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Literature / Where's My Cow?

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Not exactly the book mentioned in the Discworld book Thud!, Where's My Cow? uses three distinct art styles. It tells the story of the time (mentioned in Thud!) when Vimes changed the story to a more "city-appropriate" version, removing the animals and putting in city people. The first, most realistic, art style is the real world events. The second, highly simplistic, is for the Where's My Cow? book itself. The third is a cartoony style that anthropomorphises the toys and paintings, a visual description of young Sam's imagination. As young Sam gets more and more worked up the art styles blend together.

Where's My Cow? provides examples of the following tropes:

  • Background Body Part: Just as described in Thud! the animals are all standing near things that create the illusion of horns and udders. For at least a second. If you'd never seen a cow before. Maybe.
  • Catchphrase: Most of the things Vimes has the Ankh-Morpork characters say are their catchphrases, like Foul Ole Ron's "Buggrit! Millennium hand and shrimp!" or Lord Vetinari's "Don't let me detain you."
  • Comic-Book Fantasy Casting: Vimes looks like Pete Postlethwaite in this book, reflecting what was said to be Pratchett's personal Hypothetical Casting.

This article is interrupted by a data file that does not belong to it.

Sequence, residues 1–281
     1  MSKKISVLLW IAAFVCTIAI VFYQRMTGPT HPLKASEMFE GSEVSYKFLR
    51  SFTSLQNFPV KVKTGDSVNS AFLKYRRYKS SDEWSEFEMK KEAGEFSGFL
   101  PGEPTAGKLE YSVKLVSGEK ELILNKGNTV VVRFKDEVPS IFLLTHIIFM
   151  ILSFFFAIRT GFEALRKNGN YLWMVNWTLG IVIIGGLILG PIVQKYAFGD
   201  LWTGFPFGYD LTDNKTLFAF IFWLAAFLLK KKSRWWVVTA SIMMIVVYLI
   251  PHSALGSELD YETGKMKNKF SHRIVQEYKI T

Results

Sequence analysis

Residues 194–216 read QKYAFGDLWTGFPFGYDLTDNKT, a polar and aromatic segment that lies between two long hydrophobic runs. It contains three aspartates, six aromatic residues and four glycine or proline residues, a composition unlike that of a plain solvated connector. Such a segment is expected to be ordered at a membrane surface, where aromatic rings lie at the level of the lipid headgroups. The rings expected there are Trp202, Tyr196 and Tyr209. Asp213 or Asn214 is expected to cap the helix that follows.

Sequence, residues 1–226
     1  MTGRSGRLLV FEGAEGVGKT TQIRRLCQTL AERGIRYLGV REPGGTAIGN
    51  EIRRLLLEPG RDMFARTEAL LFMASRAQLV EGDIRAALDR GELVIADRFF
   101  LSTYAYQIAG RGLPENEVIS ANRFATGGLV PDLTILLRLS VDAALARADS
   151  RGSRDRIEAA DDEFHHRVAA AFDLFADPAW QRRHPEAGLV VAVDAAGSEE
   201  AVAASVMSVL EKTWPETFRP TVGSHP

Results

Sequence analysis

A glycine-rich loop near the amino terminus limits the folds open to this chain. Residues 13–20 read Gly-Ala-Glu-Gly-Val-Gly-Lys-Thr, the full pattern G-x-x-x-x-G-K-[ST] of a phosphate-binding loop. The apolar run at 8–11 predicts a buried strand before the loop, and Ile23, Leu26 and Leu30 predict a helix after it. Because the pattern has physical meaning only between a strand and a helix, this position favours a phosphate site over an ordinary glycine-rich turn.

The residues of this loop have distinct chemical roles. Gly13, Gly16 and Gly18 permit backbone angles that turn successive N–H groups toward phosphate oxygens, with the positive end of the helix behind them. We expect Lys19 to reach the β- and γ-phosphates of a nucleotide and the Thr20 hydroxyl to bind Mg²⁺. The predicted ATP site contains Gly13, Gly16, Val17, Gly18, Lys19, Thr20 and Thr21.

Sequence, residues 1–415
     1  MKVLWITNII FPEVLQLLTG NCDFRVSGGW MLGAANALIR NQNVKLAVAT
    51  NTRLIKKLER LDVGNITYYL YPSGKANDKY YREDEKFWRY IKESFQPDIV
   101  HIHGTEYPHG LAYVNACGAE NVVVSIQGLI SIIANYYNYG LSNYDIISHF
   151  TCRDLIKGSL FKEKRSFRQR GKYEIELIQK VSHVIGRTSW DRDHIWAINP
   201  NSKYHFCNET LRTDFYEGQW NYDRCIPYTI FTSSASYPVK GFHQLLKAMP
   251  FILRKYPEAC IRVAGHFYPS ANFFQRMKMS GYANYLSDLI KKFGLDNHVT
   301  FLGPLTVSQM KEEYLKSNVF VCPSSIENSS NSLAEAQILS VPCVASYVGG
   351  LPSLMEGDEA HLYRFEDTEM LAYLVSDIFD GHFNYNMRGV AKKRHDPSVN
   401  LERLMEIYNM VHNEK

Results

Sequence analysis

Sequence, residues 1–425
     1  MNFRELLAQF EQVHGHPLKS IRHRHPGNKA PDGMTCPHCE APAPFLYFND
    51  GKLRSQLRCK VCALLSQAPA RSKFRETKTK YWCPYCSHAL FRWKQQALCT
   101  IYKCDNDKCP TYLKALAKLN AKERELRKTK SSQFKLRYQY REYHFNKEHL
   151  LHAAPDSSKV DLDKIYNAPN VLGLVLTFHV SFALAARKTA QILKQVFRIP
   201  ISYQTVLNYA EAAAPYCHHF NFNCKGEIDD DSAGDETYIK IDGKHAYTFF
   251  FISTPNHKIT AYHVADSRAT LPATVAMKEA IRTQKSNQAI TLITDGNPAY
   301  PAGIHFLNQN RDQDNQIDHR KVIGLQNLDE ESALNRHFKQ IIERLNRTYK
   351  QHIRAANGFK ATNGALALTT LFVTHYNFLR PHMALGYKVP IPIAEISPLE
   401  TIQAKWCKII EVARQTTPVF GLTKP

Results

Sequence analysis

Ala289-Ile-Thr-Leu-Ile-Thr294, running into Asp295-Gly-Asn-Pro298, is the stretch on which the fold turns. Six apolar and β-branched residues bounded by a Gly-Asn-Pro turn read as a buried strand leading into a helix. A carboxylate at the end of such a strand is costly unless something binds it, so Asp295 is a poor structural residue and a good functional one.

• Creator Cameo: There's a portrait of Terry Pratchett in Young Sam's room.
  • Depending on the Artist: Most characters that were illustrated here were also drawn by Paul Kidby in The Art of Discworld and look rather different in the two books.
  • Inherently Funny Words: Both "hippopotamus" and the sound that it's given to make. It goes HRUUGH!
  • Please Keep Your Hat On: In possibly the first ever illustration of him sans Watch helmet, Samuel Vimes is revealed to have greasy helmet hair. Young Sam's hair is no beautician's masterpiece, either.
  • Questioning Title?: Where's My Cow?
  • When He Smiles: This is also the first, and probably only, Discworld illustration where Vimes is actually smiling. And not the mirthless, or dangerous, kind he's been known to give just before he cuffs someone, but an actual big goofy, and happy smile.